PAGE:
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India private-sector banks may need to up provisions as asset quality worsens

India's private-sector banks may need to set aside more cash in loan loss provisions for an expected deterioration in asset quality, weighing on their earnings over next few quarters as the economy slows due to the COVID-19 pandemic, analysts say.

Three of India's largest private-sector banks HDFC Bank Ltd., ICICI Bank Ltd. and Axis Bank Ltd. all increased loan loss provisions for the quarter ended March 31 as they braced for the impact of the pandemic.

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The nonperforming loans of both private and state-owned banks will rise due to the economic challenges brought about by the disease, Krishnan Sitaraman, senior director at CRISIL, told S&P Global Market Intelligence in an email. CRISIL expects the Indian economy to shrink 5% in the fiscal year to March 2021, the first contraction in four decades.

"These provisions are currently, in a way, a front loading of the overall provisioning they would need for [nonperforming assets] by the end of the year," Sitaraman said. The bad loans are not expected to start appearing for some time due to the payment moratorium and standstill arrangements currently available on loans. Making the provisions earlier will help spread the impact on their profit and loss accounts, instead of taking very high provisioning hit toward the end of the fiscal year, he said.

India's central bank has allowed borrowers to delay repayments on their loans by six months, among a slew of measures to cushion the impact of the economic slump. The Reserve Bank of India has sought to increase liquidity and channel funds to sectors facing a cash crunch, apart from slashing interest rates to help boost economic growth. The government announced a 20 trillion rupee package to rescue the world's fifth-biggest economy as economic indicators signaled a slump.

Health matters

"Larger private-sector and public-sector banks will be relatively better placed to bear the COVID-19 impact as their capitalization levels, earnings positions and resources profile are better than the others," Sitaraman said.

Most of the larger private-sector banks also have greater flexibility to raise fresh capital if needed. The small and medium-sized private lenders will "need to ensure stability of their deposit base as some of them had faced challenges on this front in the last few months," Sitaraman said.

HDFC Bank, the biggest private-sector lender by assets, posted stronger-than-expected core pre-provisioning operating profit in the quarter that ended March 31. But its fiscal fourth-quarter stand-alone net profit fell to 69.28 billion Indian rupees from 74.16 billion rupees, according to an April 18 earnings report.

HDFC Bank's provisioning is "to take care of any events that may happen in future," said Sashidhar Jagdishan, the bank's then head of finance, in an April 18 earnings call. "What it shows is that we have enough buffer of credit reserve to be able to withstand this kind of a shock that probably we are anticipating that things will start to normalize sometime around May and June."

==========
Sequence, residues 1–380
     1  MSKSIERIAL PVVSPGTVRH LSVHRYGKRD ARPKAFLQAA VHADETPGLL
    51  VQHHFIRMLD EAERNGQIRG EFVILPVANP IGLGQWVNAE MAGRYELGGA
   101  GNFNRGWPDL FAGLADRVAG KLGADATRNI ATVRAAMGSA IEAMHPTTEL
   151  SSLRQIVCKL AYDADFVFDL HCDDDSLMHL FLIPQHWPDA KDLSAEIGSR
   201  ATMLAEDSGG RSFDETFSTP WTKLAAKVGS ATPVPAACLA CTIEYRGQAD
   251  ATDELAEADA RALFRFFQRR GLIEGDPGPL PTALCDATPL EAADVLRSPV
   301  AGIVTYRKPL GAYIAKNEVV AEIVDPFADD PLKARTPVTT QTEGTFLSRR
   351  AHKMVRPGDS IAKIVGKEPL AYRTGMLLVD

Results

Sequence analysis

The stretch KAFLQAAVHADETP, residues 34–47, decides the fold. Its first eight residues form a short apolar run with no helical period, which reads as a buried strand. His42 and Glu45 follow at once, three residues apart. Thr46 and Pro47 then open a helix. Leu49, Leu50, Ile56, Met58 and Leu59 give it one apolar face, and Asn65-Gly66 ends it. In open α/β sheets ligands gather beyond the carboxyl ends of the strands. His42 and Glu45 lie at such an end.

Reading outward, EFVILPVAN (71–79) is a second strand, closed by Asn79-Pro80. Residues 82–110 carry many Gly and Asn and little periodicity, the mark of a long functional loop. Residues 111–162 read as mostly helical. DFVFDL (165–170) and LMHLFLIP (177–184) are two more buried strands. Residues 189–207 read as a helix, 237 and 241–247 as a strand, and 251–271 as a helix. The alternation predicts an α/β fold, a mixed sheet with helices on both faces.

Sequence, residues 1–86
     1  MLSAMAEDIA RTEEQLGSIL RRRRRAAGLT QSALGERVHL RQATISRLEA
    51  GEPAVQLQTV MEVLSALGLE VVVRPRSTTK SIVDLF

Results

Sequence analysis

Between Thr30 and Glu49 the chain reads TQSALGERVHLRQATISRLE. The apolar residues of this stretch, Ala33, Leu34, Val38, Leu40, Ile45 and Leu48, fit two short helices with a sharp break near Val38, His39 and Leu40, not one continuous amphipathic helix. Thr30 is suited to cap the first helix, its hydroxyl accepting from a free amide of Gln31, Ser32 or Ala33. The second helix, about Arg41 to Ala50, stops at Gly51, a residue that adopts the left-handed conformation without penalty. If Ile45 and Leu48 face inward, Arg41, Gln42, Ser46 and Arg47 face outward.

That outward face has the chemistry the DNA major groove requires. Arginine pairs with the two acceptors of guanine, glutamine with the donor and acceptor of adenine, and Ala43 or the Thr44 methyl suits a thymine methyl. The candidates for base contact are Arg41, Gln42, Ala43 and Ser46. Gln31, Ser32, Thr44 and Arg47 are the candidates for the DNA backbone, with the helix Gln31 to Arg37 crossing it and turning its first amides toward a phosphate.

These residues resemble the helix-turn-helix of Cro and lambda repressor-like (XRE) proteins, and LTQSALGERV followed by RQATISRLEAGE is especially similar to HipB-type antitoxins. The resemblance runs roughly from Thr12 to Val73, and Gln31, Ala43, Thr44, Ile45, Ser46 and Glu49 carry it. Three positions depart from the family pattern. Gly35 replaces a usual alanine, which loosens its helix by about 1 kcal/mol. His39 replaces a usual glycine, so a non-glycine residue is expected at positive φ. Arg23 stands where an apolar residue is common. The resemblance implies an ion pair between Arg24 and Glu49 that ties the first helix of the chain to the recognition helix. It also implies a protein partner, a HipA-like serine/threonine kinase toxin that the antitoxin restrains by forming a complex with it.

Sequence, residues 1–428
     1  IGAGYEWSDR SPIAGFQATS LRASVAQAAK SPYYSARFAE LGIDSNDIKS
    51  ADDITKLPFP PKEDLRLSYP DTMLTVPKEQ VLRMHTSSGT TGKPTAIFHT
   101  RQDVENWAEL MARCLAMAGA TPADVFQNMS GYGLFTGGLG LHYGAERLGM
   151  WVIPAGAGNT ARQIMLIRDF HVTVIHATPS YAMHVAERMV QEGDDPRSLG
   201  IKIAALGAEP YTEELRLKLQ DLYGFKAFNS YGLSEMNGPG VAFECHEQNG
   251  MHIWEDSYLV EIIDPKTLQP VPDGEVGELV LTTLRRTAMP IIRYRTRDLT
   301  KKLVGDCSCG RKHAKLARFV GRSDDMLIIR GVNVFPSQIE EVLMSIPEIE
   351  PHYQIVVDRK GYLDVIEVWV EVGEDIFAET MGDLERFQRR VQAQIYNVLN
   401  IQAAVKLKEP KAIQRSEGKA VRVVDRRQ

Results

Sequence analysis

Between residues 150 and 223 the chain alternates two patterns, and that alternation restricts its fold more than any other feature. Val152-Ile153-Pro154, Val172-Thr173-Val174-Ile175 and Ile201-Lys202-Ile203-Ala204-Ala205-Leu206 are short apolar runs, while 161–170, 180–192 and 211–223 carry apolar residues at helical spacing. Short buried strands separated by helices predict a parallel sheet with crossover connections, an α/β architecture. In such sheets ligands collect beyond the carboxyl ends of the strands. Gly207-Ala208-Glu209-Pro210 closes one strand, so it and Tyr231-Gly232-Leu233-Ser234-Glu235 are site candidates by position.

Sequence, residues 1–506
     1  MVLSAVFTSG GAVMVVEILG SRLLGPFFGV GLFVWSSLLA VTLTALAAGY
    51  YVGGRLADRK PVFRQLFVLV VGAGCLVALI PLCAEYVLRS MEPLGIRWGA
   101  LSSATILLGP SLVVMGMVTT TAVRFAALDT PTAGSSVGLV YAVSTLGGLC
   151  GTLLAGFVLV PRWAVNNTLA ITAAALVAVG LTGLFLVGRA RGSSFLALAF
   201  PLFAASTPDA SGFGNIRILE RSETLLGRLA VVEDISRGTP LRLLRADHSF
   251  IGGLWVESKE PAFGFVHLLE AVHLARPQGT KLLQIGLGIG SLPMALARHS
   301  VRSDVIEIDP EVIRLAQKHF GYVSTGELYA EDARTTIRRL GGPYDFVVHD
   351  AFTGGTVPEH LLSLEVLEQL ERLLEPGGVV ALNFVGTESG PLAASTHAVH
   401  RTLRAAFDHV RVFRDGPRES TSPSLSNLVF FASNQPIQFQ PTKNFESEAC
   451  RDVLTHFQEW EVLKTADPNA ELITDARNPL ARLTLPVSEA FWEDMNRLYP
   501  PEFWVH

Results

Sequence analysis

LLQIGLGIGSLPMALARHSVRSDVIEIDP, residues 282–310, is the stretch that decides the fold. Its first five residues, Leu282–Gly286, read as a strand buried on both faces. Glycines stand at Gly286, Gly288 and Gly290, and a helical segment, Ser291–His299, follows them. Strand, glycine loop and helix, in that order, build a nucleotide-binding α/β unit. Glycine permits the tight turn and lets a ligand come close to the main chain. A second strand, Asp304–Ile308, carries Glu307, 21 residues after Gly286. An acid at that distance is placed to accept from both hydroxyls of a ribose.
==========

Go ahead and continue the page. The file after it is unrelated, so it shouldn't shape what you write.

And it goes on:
ICICI Bank also reported year-over-year increase in net profit for the fiscal fourth quarter. However, Axis Bank reported a loss of 13.88 billion rupees.

Effects may be staggered

The Indian economy is slowly returning to normal after a lockdown announced in late March. However, the impact of the government's measures to stem the fallout from the pandemic will likely continue to be felt by banks over the next few quarters.

"The countrywide lockdown and its resultant impact of a severe slowdown in the economy will be widespread and will take time to normalize ... it will get reflected in our numbers, too," Axis Bank CEO Amitabh Chaudhry said in an April 28 earnings call. The bank expects its fee income growth to slow and provisions to increase materially, he said.

Moody's expects Axis Bank's asset quality to deteriorate. While the bank had reported a decline in net new NPLs for the fiscal fourth quarter, there are indicators of an impending deterioration in asset quality such as the high migration of borrowers into lower-rated categories and a significant amount of customers availing of a moratorium of loan repayments.

"Even if a small portion of these loans become NPLs, it would represent a significant increase in NPL ratios from current levels," Moody's said in an April 30 note. Around 2% of the loans availing of the moratorium were already delinquent at the time it was granted, Moody's added.

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Overall, about 30% of the loans by private-sector banks are on moratorium, which borrowers can avail until Aug. 31, Jefferies said in a June 15 note. Small and medium-sized enterprises and retail have dominated the moratorium book, with relatively lower take-up from larger corporate borrowers, Jefferies said, adding it was "encouraging to note that lenders are now finding more comfort in borrowers' ability to pay and hence discouraging moratoriums."

The moratoriums should also not be seen as a benchmark for credit losses in the corporate segment as many borrowers have deferred payments purely for cash conservation, it said, adding that while unsecured retail loans may see higher credit losses, the stress may stay manageable in segments like housing and other secured loans.

As of June 16, US$1 was equivalent to 76.19 Indian rupees.